Govt Tells Commuters to Turn Their Backs on Others on Crowded Public Transport as Last Resort

Commuters wear masks as a precaution whilst travelling on a London Underground metro train in the morning in central London on March 18, 2020 as people take precautions amid the coronavirus outbreak. - The British government will on Wednesday unveil a raft of emergency powers to deal with the coronavirus …
TOLGA AKMEN/AFP via Getty Images

Commuters should consider “all other forms of transport” before taking a train or bus, the government has said, as it concedes adhering to social distancing rules may not be possible on public transport.

As the government urges those who can to return to work this week, new guidance has been issued to both travellers and transport service providers on how best to move between the home and place of employment, under the new coronavirus regime where close contact with strangers has been officially forbidden.

While the vast majority of commuting journeys in the United Kingdom take place in private vehicles, this is less common in heavily urbanised areas, like London and the South West, where the use of public transport is more pronounced. Although the guidance makes clear that travellers should “Consider all other forms of transport before using public transport”, if that remains impossible there are a range of other precautions advised for those stuck underground in a metal tube with hundreds of other people during a time of infection control.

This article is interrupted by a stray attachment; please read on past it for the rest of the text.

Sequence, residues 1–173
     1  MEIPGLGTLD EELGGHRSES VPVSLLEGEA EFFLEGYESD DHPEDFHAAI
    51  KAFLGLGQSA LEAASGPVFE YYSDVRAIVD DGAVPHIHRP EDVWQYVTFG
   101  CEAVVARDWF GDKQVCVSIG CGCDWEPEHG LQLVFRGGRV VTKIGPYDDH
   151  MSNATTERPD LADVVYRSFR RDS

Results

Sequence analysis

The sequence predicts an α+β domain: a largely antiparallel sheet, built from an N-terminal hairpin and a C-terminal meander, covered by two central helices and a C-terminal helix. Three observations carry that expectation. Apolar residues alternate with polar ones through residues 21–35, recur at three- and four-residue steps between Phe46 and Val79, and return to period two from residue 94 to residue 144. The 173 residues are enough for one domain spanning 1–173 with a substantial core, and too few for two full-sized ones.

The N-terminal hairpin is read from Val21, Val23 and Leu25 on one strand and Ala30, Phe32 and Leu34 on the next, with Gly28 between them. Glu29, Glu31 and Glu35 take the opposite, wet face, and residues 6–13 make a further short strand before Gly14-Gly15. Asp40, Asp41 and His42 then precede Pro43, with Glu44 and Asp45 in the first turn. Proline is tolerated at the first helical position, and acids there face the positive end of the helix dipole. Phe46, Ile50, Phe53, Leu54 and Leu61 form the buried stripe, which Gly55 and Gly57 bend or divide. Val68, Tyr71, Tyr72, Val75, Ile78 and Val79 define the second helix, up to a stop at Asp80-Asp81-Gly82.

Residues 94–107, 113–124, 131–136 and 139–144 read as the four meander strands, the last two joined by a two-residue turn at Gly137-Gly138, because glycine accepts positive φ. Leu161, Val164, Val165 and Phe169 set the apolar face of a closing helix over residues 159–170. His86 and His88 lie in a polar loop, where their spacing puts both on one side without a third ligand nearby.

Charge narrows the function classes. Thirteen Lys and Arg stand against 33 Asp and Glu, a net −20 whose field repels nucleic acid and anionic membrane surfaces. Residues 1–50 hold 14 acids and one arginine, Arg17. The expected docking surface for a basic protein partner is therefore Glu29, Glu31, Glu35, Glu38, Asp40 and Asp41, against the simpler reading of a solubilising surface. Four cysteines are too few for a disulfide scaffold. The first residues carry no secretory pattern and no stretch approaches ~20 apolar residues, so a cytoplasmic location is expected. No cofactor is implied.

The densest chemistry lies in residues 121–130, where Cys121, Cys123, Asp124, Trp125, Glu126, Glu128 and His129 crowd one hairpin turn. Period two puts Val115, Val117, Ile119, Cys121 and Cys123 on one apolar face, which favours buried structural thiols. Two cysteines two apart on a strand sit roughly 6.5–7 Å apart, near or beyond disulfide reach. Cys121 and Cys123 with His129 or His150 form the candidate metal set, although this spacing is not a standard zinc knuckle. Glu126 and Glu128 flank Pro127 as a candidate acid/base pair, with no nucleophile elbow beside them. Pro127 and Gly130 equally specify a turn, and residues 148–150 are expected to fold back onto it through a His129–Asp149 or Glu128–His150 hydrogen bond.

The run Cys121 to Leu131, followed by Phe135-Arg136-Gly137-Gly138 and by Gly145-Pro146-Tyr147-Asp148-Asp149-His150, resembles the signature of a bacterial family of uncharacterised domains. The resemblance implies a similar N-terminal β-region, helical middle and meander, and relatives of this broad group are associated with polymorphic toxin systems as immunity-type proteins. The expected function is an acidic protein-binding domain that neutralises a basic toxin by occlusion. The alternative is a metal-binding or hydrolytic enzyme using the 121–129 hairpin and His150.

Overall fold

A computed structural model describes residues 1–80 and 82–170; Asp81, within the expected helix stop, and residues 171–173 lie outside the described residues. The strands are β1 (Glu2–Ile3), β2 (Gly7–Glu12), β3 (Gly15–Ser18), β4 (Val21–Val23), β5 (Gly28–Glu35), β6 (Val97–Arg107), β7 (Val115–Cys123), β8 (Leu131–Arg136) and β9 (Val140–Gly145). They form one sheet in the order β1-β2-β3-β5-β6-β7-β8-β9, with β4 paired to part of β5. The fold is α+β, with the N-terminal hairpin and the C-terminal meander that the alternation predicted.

The British government has now decided — after months of insisting they were pointless — that the public wearing masks in public does actually serve a purpose, and commuters are being asked to wear them, as well as being told to wash their hands and being aware of “the surfaces you or others touch.”

But despite the government’s stiff insistence — still enforced by police control and now-increased fines — that members of the public remain more than two meters away from each other, the document clearly notes such distancing would be impossible on a busy train or bus. To reduce contact with others, commuters are implored instead to simply act antisocial and turn their backs. The document says:

The risk of infection increases the closer you are to another person with the virus and the amount of time you spend in close contact: you are very unlikely to be infected from just walking past another person.

There may be situations where you can’t keep a suitable distance from people, for example when boarding or alighting, on busier services, at busier times of day and when walking through interchanges. In these cases you should avoid physical contact, try to face away from other people, and keep the time you spend near others as short as possible. If you can, wear a face covering on public transport.



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